Class Notes Profile: Frontier Healer

Beckmen listens to the heartbeat of a wolf pup which was darted to check the effectiveness of a program to eliminate dog lice. (Photo by Craig Gardner/Alaska Department of Fish and Game)
All of Alaska is an animal hospital for wildlife vet Kimberlee Beckmen

At 800 pounds, the female was a lot of sea lion, and Kimberlee Beckmen ’89 VM, DVM ’89, was being careful. She thought.

The massive aquatic mammal had been darted as it lay on its rocky volcanic perch. Beckmen observed the creature as it fell asleep, then prepped to attach a satellite transmitter to its ear. Suddenly, the sea lion arose, inches away from her. “If she had bitten me, I probably would not be here,” Beckmen says. “My head would have fit in her mouth.”

Fortunately, the sea lion ran off down the beach at Ulak—a remote island in the distant Aleutians—and Beckmen lived on as the wildlife veterinarian for the Alaska Department of Fish and Game, a position she’s held since 2002. It’s her job to conduct and oversee the chemical immobilizations whereby wildlife biologists tag and study Alaska’s creatures, great and small—including wolves, grizzly bears and, yes, sea lions. She also scrutinizes the state’s ecosystem for new parasites, diseases and invasive species.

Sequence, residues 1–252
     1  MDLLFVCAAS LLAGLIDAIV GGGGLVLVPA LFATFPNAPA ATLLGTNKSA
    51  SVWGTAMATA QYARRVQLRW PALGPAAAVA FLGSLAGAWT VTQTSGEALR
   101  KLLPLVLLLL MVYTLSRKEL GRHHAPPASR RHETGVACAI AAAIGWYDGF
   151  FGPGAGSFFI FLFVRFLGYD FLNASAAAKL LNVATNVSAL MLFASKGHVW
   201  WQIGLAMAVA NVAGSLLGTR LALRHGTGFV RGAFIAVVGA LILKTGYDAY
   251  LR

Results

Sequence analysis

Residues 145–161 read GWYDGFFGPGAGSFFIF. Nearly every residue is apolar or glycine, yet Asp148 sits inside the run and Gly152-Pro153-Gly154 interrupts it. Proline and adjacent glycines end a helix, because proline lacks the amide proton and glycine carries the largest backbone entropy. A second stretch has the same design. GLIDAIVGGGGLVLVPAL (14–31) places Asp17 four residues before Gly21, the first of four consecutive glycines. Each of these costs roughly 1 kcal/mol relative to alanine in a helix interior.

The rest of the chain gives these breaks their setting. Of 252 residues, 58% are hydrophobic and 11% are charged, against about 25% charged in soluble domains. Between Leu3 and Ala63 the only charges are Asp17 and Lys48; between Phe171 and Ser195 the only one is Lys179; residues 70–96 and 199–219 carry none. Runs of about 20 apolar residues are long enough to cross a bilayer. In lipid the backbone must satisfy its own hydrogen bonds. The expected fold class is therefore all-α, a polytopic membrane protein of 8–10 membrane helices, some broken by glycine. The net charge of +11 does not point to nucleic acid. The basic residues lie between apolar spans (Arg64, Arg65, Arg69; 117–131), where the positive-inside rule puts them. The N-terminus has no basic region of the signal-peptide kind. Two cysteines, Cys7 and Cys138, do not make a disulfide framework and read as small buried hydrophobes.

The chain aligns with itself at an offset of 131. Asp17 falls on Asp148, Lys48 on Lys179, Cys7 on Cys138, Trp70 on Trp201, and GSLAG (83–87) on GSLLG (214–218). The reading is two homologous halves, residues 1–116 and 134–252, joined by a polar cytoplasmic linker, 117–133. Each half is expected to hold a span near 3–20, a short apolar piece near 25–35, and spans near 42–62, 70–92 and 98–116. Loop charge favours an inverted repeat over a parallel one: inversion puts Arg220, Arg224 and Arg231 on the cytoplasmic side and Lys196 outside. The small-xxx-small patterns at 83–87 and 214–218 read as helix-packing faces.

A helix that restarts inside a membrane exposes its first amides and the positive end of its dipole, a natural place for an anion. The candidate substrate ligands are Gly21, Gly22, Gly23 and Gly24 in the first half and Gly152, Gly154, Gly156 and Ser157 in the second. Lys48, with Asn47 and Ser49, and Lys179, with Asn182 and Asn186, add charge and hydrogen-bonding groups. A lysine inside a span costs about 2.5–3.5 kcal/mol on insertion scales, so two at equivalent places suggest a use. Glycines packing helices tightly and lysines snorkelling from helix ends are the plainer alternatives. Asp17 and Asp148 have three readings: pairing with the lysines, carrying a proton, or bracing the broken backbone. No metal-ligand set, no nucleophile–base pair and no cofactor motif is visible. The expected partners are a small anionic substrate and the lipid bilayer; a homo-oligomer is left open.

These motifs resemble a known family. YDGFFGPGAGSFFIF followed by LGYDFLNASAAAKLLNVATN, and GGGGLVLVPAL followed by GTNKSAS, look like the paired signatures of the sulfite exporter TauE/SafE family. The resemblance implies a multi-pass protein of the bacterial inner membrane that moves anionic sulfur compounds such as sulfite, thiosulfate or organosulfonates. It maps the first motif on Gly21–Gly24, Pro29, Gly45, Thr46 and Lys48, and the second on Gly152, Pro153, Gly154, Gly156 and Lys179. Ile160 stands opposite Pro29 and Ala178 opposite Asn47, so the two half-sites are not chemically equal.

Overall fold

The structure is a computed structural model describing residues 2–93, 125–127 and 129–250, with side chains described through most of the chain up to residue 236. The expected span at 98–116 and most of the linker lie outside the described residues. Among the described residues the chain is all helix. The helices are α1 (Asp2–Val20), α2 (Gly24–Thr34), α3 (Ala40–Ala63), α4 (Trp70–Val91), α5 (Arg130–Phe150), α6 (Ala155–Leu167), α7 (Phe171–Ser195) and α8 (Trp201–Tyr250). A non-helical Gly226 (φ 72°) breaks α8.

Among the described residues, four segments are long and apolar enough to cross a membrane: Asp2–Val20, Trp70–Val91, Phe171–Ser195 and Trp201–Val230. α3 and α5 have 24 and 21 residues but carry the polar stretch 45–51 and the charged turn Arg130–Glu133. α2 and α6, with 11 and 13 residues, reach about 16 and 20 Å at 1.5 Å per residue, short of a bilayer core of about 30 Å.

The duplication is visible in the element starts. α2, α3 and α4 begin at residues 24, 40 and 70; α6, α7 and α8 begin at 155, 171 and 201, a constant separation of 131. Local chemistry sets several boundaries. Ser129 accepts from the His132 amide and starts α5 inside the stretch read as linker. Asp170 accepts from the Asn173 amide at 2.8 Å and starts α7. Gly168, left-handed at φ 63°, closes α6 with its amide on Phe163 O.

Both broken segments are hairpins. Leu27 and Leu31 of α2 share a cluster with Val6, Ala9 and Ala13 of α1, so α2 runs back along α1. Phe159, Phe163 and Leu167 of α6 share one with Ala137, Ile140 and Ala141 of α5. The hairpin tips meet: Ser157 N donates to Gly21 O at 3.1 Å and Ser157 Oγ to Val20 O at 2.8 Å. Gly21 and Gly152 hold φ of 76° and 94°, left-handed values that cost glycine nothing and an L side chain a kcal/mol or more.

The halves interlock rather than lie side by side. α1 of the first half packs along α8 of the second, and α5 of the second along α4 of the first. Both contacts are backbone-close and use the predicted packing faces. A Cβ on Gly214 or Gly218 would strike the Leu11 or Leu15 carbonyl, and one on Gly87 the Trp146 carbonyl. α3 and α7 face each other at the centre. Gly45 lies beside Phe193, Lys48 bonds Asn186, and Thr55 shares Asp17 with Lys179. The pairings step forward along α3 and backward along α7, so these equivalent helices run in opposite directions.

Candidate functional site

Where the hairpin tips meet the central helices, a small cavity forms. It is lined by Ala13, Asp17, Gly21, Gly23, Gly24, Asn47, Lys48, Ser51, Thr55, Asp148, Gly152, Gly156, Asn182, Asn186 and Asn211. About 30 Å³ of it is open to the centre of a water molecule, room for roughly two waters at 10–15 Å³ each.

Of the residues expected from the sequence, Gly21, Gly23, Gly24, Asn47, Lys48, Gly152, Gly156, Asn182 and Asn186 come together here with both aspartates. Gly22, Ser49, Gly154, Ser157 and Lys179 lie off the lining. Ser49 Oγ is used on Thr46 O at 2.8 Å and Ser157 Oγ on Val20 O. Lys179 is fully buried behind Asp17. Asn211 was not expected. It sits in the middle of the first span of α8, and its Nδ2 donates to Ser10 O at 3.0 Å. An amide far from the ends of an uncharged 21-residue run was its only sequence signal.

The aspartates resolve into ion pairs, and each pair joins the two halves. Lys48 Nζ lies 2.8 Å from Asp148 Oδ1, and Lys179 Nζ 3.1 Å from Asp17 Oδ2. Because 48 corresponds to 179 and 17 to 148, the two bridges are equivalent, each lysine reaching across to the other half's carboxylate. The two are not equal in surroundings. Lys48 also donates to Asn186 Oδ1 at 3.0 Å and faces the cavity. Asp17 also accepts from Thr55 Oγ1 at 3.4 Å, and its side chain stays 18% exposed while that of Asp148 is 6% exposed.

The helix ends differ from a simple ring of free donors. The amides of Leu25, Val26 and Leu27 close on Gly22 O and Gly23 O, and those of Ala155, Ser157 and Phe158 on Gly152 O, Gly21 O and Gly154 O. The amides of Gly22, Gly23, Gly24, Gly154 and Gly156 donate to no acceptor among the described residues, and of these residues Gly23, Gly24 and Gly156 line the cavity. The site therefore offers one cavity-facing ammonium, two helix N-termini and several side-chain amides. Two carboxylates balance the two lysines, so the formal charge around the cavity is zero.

“The health and survival of the wildlife population is my No. 1 priority,” Beckmen says.

In 2006, she took on dog lice, which had invaded wolf populations near Fairbanks. Flying in a Piper Super Cub aircraft, she and team members circled wolf dens and habitats, throwing out meat baits dosed with anti-parasitic medication. Three years later, the dog lice had been eliminated.

“I love being … at sea in Prince William Sound or the Aleutians,” says Beckmen, who only makes such excursions once or twice a year. “People would pay thousands of dollars to do what I get paid to do.”

Except for darting gigantic sea lions, studying lice on wolves and otherwise looking out for the animals of America’s largest, coldest and wildest state.